Thomson lived in Paris from 1925 until 1940. During this time his associates were mostly writers and painters rather than musicians, and they were mostly French. These included the visual artists Christian Bérard, Pavel Techelitcheff, Leonid and Eugene Berman, the composer Henri Sauget, and the poet, graphic artist, and publisher George Hugnet, who was a particularly close friend and with whom he collaborated on three song works. They considered themselves Neo- Romantics; Thomson wrote, “Our novelty. . . consisted in the use of our personal sentiments as subject matter . . . an immersion complete in what any day might bring . . . Mystère was our word, tenderness our way, unreasoning compassion our aim.” Over this time he wrote a number of vocal compositions setting texts in French, in which Thomson mostly adhered to the same procedures he had applied to English settings. But, possibly because many of these French texts do not have the intense abstraction of Stein, they have a wider range of expressive character, ranging from the waltzes of La Valse Grégorienne through the proclamatory Commentaire sur Saint Jérome to the grandly expressive and beautiful Oraison Funèbre, a funeral sermon of Jacques- Bénigne Bossuet (which, without sounding like it at all, evokes Satie’s Socrate)This solo cantata written in 1930 was Thomson’s response to the death of his friend the painter Emmanuel Faÿ, who died alone in a hotel room in New York at a very early age, an event that haunted Thomson for years. He described “its declamatory melodies and high-arched Baroque curves, some of them pages long and all built to match Bossuet’s long, forid, loose-hung, and as often as not quite illogical Baroque sentences.” It is undoubtedly one of the major works of that period of Thomson’s career, but has rarely been performed, since it was never published.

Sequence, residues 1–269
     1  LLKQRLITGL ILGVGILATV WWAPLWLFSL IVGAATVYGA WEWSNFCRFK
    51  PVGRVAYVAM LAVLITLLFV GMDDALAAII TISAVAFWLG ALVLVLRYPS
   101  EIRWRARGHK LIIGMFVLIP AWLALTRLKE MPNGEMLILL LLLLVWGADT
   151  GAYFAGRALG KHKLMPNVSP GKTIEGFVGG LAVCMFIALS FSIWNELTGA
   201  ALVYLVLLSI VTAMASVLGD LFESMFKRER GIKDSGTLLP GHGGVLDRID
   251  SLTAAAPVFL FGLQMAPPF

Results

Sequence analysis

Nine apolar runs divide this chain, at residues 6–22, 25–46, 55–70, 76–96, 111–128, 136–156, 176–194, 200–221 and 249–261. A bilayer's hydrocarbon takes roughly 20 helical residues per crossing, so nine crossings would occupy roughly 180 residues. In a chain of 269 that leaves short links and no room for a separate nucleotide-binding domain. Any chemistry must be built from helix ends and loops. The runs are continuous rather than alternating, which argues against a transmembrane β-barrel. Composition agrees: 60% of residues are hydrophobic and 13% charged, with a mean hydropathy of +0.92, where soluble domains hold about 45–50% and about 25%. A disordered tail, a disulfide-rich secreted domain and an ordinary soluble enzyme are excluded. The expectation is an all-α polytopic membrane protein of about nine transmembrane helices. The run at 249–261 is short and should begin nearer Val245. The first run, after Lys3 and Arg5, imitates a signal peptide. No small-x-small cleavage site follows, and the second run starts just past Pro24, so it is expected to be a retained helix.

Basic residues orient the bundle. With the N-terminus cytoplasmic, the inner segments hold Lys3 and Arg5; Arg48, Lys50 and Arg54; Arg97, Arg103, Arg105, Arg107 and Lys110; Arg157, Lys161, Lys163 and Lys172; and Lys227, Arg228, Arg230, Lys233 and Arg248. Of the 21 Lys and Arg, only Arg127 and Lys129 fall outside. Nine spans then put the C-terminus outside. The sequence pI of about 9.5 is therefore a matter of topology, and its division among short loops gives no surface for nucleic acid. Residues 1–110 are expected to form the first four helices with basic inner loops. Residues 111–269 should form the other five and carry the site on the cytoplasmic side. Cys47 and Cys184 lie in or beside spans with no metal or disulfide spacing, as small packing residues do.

The beginning of the Second World War made it necessary for Thomson, who by that time had lived in Paris for close to ffteen years, to relocate to the United States, leaving all of his belongings except for his clothes and his music manuscripts. When he arrived in New York in August of 1940, he was almost immediately offered the job of chief music critic of the New York Herald Tribune, a post he held for fourteen years, becoming the most respected and powerful music critic in New York. During most of the war, Thomson’s new job apparently took most of his attention. He wrote very little music, and none for voice. However, in June of 1945, Thomson received an offer of a commission for a second opera. Thomson was eager to write another, and with the war drawing to a close, he conveyed the news to Stein, who was delighted to accept the offer. The result of this collaboration, The Mother of Us All, was frst produced in May of 1947; although it did not have the same wide recognition of Four Saints, it was, nonetheless, a success. The experience of writing the opera, and possibly the end of the war, seems to have unleashed for Thomson a sort of tidal wave of music over the next few years, all of it accomplished while he was still doing his newspaper work, including the Three Pictures for OrchestraA Solemn Music, the ’Cello Concerto, Piano Etudes, the music for the flms Tuesday in November and Louisiana Story, and the Five Songs from William Blake. All of these works, starting with sections of The Mother of Us All, introduce into Thomson’s language a new and very much expanded use of chromaticism, probably in reaction to the rise of twelve-tone music and as a result of his post-war friendship with Pierre Boulez. (Thomson met the twenty-one-year-old Boulez on his 1946 trip to Paris; he was certainly the frst musical journalist in the United States to write about Boulez and his music, which he admired, fnding it “like an only slightly out-of-tune Ravel.”). Thomson deployed this chromatically enriched language in the Five Songs from William Blake in realizing his long-held desire to convey in music a portrait of Blake’s philosophy. Because of the close integration of this expanded chromaticism into his personal language, it may be unnoticed on a cursory listening, but it reveals the complexity of the text-music relationship in the Blake songs, most especially in The Land of DreamsThe Little Black Boy, and in the particularly sonorous quality of And Did Those Feet. Blake’s poem The Tiger obviously fascinated Thomson, who had frst set it in 1926 as well as including it in the later Blake set.